Today is a glorious day for China. Once labeled as the Sick man of Asia will showcase their economic success to the world.
(WSJ)Never in the history of sports has so much money been spent in 15 days. The $43 billion official bill for this month's Beijing Games is one-and-a-half times bigger than the previous five Olympics' bills added together. It works out at $2.9 billion per day, or $140 million per event.
Many will begin to worry post-Olympic, will China escape post-Olympic curse, the economy will slowdown drastically? Not really in my opinion.
To understand why, think about that $43 billion in context. Official investment spending in China in 2007 totaled $1.6 trillion. So assuming Olympic investment spending was spread out over three years, it hardly reaches 1% of annual investment spending. Many of the projects, like the metro, were needed anyway -- and that will remain the case in 2009 and beyond, as more work is done in Beijing and other cities, as well as in the countryside, to build out the railway infrastructure and the suburbs, the new locus of economic growth.
Much the same can be said about the Olympics' effect on consumption. Beijing expects around 500,000 visitors, roughly equivalent to the total number of tourists who visited Sydney for the 2004 summer Games. But again, that figure pales in contrast to the 11.6 million documented visitors China hosted in August last year -- without the attraction of the Olympics. Given restrictions on visas in recent months, it is not clear if total visitor numbers will even rise this summer as a result of the Games.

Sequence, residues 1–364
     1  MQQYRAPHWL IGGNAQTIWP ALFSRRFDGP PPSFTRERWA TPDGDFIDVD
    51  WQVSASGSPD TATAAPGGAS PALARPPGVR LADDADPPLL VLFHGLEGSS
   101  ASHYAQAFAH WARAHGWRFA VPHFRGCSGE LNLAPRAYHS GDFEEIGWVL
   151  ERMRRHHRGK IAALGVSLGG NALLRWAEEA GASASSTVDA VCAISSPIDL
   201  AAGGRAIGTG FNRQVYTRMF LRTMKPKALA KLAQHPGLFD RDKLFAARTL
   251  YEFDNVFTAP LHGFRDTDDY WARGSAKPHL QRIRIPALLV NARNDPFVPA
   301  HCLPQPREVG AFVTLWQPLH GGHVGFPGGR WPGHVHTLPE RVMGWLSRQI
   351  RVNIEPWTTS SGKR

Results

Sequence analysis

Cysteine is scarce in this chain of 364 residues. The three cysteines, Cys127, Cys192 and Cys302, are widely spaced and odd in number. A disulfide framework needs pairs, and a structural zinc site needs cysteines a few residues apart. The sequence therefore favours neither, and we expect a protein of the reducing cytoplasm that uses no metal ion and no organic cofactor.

* * *
The State Council last week restated its commitment to combating inflation. That means that most of the controls on bank lending will likely stay in place for a while, causing continued pain for a large chunk of corporate China. And it has made a lot of folks nervous that the tightening policies rolled out in October last year are now overstaying their welcome, particularly as the global economy slips. By the end of the year, Beijing will be looking to make monetary policy more stimulative. They already seem to have decided to slow down yuan appreciation.
Compared to the rest of Asia, China isn't as vulnerable to a global economic slowdown. According to European Central Bank research, some 70% of mainland China's demand comes from domestic sources. That compares with 65% domestic demand in Korea, 54% in Thailand, 49% in Taiwan, and 31% in Malaysia. Only Japan and Indonesia are less vulnerable to a collapse in external demand.
Still, exports have powered a good chunk of China's double-digit growth in recent years. Last year, net exports composed 16.3% of GDP and 2.5 percentage points of GDP growth. That figure is somewhat misleading, given that China adds roughly 50% of value to its exports through processing. If export growth fell to 7% year-on-year in 2008 from 21% last year, as we forecast, China's economy would lose two to two-and-a-half percentage points of growth. Then there are the second-round effects of an export slowdown on investment and consumption. Some 20% of investment, which makes up 40% of GDP, is export-related.
China's economy isn't on the brink of collapse. The economy will likely expand by more than 8% next year, and employment will continue to rise. If the global slowdown takes a turn for the worse, Beijing could launch a fiscal stimulus package, cut interest rates and encourage banks to lend. That said, no one really knows what two or three years of much slower global growth would mean for China. And there is clearly a rising risk of mismanaging policy in this more challenging environment.
None of this hinges on the Olympics. The Games may have sped up infrastructure spending and given a temporary boost to Beijing's bottom line, but that will be it, as far as the economics go. The challenge for China's economy comes from other quarters. The Olympics is the least of their worries.
There could be slowdown but no disaster.